In the small print of Brown’s Commons Statement yesterday:
Right of charities to campaign
168. …it is important to ensure that the regulatory framework for the third sector, together with the Government’s consultation mechanisms and investments in strengthening the organisational capacity of the sector, help it to foster and harness community voices on important issues of public policy. The Government will therefore work with the Charity Commission, Capacitybuilders and sector leaders to explore the options for enabling charities and other sector organisations to better campaign on issues that are likely to advance the cause of the purposes for which they have been established. As part of this process, the Government will consider the recommendations of the recent report of the independent Advisory Group on Campaigning and the Voluntary Sector, chaired by Baroness Helena Kennedy QC (23 May 2007).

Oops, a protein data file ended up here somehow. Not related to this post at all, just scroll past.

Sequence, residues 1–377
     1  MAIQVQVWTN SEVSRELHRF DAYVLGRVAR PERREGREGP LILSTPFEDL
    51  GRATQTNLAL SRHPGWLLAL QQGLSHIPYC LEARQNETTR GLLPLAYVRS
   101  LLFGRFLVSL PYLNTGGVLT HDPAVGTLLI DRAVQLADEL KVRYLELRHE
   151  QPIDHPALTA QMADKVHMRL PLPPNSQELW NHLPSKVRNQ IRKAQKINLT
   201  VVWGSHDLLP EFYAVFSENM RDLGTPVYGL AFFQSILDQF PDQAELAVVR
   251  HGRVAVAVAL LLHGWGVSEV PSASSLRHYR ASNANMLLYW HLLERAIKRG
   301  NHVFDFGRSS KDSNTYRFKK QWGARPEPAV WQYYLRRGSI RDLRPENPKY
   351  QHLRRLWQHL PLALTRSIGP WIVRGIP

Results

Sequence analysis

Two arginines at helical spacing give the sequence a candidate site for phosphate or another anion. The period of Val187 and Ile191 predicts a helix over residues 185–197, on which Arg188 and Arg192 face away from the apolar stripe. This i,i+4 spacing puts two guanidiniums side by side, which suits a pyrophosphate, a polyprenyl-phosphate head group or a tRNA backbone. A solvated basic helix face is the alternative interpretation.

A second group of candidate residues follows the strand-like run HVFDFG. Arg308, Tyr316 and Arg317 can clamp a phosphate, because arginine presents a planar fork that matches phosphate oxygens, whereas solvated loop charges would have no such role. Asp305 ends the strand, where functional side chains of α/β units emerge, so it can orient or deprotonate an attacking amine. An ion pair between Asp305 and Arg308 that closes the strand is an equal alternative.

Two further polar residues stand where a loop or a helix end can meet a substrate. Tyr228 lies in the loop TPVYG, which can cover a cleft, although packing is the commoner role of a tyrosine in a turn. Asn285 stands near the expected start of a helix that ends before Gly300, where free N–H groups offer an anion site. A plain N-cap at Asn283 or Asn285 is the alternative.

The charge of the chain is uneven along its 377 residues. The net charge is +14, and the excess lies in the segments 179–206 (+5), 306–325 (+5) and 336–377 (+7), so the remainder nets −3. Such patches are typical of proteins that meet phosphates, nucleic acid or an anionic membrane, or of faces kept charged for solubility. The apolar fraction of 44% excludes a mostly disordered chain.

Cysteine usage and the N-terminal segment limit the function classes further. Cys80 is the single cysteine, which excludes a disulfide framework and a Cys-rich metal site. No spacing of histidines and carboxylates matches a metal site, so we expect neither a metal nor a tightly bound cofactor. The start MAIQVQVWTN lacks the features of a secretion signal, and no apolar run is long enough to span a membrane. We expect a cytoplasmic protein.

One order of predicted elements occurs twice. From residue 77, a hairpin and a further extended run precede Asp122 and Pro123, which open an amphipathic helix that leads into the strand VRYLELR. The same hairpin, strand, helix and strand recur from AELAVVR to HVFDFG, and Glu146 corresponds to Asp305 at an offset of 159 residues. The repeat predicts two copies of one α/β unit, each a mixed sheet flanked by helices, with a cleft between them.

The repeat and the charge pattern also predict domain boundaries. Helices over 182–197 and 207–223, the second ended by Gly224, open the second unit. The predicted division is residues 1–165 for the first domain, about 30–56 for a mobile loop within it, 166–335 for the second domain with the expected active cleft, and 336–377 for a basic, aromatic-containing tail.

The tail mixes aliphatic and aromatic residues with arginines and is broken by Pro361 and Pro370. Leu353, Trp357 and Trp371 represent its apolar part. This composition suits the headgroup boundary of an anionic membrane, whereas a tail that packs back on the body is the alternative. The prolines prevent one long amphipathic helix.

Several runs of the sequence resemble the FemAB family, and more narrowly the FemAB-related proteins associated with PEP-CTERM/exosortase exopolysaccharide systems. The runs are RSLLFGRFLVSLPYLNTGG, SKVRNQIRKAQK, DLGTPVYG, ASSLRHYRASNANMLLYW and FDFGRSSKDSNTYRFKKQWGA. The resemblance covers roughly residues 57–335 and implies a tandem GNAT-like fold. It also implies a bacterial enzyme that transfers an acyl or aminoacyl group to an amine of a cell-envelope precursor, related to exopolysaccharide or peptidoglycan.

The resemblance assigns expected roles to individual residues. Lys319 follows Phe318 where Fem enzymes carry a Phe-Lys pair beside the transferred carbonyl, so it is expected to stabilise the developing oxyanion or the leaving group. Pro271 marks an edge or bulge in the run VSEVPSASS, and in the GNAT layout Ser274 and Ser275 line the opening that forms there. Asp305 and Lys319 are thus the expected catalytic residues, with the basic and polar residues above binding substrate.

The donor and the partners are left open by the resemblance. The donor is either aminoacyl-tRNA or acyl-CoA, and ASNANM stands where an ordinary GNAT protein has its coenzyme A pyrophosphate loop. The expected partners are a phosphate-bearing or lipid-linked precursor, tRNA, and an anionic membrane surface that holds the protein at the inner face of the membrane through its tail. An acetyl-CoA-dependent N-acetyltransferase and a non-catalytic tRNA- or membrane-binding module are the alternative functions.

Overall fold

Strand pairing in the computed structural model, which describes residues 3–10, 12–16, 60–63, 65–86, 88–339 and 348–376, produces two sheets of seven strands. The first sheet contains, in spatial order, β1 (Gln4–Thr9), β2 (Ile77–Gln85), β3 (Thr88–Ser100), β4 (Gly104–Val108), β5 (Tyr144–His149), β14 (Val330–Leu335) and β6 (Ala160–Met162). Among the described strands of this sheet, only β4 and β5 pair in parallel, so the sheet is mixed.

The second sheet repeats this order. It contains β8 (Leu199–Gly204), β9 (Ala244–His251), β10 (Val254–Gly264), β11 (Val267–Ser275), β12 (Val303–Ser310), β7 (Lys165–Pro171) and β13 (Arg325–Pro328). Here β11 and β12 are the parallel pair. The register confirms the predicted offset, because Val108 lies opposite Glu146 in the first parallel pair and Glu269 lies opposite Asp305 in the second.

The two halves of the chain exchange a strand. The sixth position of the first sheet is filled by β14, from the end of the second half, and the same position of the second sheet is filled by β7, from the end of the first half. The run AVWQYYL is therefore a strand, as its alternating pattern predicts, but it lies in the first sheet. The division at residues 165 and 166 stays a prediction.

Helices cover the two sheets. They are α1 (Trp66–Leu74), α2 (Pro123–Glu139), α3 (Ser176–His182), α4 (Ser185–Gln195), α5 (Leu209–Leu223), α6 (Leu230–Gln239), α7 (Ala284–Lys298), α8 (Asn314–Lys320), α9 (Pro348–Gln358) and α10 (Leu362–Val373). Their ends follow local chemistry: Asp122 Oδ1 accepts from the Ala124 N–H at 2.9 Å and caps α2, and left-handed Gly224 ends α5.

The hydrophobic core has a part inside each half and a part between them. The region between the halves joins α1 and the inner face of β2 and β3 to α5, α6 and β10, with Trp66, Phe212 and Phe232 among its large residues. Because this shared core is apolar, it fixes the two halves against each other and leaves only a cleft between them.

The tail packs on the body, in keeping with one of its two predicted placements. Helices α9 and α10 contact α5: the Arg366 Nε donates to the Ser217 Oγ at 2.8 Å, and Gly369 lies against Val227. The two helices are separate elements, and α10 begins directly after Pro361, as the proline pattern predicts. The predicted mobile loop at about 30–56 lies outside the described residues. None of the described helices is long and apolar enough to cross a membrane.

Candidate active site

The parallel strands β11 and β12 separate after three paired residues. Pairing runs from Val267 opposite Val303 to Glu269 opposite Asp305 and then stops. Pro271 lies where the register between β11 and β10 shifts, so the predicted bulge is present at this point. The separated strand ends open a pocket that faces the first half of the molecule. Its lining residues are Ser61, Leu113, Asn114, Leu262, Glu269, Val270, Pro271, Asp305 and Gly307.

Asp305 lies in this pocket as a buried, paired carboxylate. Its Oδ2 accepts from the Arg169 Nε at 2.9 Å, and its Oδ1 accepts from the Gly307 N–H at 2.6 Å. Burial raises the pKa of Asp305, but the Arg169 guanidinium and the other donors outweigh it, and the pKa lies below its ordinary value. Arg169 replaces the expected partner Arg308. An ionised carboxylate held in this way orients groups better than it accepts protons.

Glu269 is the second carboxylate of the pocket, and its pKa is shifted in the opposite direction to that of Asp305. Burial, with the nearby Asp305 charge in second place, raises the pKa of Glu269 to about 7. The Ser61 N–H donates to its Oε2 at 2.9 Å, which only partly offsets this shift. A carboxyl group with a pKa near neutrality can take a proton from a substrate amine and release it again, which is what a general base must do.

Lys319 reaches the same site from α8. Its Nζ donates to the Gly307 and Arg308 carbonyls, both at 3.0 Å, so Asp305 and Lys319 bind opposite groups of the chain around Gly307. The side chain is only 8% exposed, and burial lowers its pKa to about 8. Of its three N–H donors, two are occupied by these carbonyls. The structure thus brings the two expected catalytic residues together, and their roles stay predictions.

The review was far from independent and was cobbled together by the Treasury last February to report in April – unusually timely and speedily. (Wonder why?) The great and the good on the committee chaired by Helena Kennedy recommended that “Charities should be able to engage in political campaigning in furtherance of their charitable purposes as long as they do not support political parties.”
It might surprise you to learn that Guido supports this move, then again Guido has never seen a tax cut he hasn’t liked. This move might save the Smith Institute’s charitable status, but if campaigning becomes tax-deductible Brown is going to get an awful shock. Right-of-centre pressure groups and campaigns will raise and spend more money than his supporters ever will. It will give political organisations outside the party structures a huge warchest. A lot of people will be far more inclined to give to their causes if it comes off their tax bill…